Untouchable Essay Questions

  1. 1

    What purpose does Sohini’s assault serve in Untouchable? Why did Anand think it important to include her assault in the novel?

    Sohini’s assault, an event that draws on the themes of "class struggle," "the untouchable’s burden," and "cyclical oppression," serves two major purposes. First, it shows how vulnerable untouchables, particularly female untouchables, are in India. The restrictions placed upon and the prejudices against them make them easy victims of crime and violence. As we see time and time again in the novel no one believes the word of an untouchable. Unfairly characterized as liars and thieves, they hold no sway in society or in the courts. Because of this, it is futile for Sohini to lodge a public complaint against her assaulter. No one would believe her over a priest. It is also futile for her brother to seek revenge for her. Avenging Sohini would most likely mean Bakha’s imprisonment and/or death. Pundit Kali Nath and other caste men are aware of this, and take advantage of the unjust system.

    The second reason Anand included Sohini’s assault in the novel is because it grounds the novel in reality. The reality is that during the time Anand wrote Untouchable and in present-day India, untouchables are victims of numerous violent crimes, including rape. In historical, realistic novels it is sometimes easy to lose sight of the connections between the fictional stories the author crafts and the real events that inspire those stories. Sohini’s assault is an attempt to prevent a myopic interpretation of Untouchable and the stories contained in its pages.

  2. 2

    Whiteness, in the form of the British and other Europeans, has an elevated status in Untouchable’s India. Why is whiteness so highly regarded? What are some examples of white supremacy in the novel?

    By colonizing India, Great Britain established itself as the top dog on the Indian Subcontinent. When tides of British immigrated to India for various pursuits, including missionary work, they brought with them British and European culture, goods, machines, and ideals. These ideals hoisted up the British way of life as correct and modern while the Indian way was put down as wrong and backward. In this way, England’s colonization of India was not purely economical and political—it was a type of cultural imperialism as well. And while Lakha’s generation are resentful of the British, most likely because they can remember a time before colonization, Bakha’s generation idolize them.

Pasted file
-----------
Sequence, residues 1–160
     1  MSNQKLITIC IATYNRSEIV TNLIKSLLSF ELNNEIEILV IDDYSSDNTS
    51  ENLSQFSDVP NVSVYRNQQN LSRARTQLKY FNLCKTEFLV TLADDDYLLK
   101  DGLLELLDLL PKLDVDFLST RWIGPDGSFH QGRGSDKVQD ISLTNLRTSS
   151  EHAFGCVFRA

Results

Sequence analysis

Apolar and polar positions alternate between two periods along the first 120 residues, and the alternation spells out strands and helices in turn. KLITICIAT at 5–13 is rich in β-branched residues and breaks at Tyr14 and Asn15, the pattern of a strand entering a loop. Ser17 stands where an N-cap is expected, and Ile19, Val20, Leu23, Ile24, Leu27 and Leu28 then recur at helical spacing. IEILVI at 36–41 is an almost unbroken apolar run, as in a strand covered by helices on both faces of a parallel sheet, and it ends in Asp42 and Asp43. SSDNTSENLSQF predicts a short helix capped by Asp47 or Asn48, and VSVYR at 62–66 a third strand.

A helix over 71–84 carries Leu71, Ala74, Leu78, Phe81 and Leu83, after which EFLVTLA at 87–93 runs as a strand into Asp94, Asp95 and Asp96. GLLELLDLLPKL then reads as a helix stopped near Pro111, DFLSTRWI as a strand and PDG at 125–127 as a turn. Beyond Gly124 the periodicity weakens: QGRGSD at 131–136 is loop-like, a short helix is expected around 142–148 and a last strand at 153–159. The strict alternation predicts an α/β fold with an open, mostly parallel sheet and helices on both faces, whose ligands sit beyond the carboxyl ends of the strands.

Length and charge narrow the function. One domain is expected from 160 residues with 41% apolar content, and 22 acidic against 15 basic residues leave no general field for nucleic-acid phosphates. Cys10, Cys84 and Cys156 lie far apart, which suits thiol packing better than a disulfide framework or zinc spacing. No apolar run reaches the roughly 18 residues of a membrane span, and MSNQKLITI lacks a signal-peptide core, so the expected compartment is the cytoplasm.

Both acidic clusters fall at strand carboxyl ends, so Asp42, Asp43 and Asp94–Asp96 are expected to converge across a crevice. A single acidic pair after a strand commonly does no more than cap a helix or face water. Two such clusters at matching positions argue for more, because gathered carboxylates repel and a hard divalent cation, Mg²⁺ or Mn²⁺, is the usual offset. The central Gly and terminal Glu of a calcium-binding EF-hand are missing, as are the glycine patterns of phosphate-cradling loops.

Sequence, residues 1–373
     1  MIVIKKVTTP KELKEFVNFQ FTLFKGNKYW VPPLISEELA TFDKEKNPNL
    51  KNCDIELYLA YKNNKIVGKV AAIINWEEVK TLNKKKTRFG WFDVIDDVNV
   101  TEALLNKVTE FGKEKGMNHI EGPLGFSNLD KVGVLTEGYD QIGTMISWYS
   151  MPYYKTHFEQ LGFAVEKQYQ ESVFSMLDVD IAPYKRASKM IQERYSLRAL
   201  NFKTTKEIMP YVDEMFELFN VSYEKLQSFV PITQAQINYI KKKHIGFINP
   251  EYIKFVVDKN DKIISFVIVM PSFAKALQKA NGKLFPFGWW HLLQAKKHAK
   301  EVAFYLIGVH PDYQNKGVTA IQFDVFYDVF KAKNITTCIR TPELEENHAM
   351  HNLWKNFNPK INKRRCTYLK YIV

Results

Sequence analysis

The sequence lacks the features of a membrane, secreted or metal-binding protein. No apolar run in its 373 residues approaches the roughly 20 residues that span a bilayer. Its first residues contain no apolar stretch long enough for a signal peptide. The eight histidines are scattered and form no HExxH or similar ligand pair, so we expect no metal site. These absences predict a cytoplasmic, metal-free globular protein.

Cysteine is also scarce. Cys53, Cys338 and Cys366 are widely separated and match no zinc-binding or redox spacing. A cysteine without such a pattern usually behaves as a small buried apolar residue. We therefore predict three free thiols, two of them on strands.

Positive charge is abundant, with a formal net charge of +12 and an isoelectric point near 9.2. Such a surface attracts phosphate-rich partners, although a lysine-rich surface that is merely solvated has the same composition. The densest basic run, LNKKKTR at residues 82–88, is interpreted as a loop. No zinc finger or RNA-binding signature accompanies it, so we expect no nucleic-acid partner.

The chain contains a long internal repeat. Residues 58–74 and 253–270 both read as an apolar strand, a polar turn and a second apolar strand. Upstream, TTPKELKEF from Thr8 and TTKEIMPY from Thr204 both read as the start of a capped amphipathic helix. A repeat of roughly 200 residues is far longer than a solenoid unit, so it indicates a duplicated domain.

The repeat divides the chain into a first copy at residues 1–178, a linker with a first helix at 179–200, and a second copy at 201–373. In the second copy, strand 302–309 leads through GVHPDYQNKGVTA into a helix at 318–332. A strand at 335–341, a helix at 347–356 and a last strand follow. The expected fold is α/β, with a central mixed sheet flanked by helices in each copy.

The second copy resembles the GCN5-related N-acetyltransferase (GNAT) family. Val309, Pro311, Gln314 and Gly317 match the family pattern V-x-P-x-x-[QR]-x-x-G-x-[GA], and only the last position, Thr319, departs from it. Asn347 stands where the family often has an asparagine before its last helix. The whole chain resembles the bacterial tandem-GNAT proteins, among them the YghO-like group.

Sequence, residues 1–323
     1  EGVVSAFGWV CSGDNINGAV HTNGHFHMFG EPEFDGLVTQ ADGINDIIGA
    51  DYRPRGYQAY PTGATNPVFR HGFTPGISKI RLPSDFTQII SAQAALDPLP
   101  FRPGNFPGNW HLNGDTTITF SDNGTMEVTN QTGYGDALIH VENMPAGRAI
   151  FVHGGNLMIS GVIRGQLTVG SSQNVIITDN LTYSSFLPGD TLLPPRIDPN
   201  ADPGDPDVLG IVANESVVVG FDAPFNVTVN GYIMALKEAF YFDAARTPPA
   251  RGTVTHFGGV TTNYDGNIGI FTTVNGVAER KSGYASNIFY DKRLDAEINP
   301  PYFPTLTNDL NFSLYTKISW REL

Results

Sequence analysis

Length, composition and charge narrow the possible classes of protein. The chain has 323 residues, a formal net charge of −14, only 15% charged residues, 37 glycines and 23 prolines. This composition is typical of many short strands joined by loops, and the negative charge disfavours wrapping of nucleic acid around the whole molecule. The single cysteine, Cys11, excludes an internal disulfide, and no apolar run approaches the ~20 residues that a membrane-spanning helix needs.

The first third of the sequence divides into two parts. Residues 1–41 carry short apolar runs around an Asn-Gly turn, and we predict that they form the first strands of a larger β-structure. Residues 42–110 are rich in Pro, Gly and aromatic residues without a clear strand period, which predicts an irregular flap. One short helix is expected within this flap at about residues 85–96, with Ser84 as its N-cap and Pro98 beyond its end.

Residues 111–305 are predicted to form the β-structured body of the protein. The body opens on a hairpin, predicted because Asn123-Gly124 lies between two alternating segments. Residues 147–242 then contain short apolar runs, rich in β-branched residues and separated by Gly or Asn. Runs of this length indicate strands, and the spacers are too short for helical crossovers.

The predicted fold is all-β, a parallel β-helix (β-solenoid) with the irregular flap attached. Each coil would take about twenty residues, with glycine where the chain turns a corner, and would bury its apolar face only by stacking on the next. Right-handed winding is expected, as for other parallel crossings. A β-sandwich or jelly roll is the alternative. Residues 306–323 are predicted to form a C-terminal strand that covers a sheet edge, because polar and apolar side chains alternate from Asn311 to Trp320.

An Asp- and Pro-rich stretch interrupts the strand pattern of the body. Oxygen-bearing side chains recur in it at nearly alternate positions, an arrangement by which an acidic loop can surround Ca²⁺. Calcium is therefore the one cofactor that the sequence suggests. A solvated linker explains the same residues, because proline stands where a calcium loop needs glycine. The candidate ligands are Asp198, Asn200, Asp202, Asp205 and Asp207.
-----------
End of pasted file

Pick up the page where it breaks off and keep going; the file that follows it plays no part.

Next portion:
Examples of white supremacy in the novel occur at two levels—the systematic and the personal. The two levels are linked and impact one another, but the former is primarily about governments and courts, while the latter is about the individual. An example of systematic white supremacy is the story of the solar topee’s fabled owner. In the story the Tommie kills a sepoy, another human being, but “since he was a white man [he] could never be put behind the bars” of barracks holding cell (Anand 194). Because he was essentially free while he waited for his day in court, the man was able to flee and escaped his punishment. This is one example of the different laws governing white people on the Indian Subcontinent.

    An example of white supremacy at the individual level is Bakha’s reaction to the anger of Mary Hutchinson, the wife of the Salvation Army chief. For him, the few words of anger “she had uttered carried a dread a hundred times more terrible than the fear inspired by the whole tirade of abuse by the touched man” (Anand 260). Even though his altercation with the touched man tore at Bakha’s pride and soul, “the anger of a white person mattered more.” Bakha says it himself: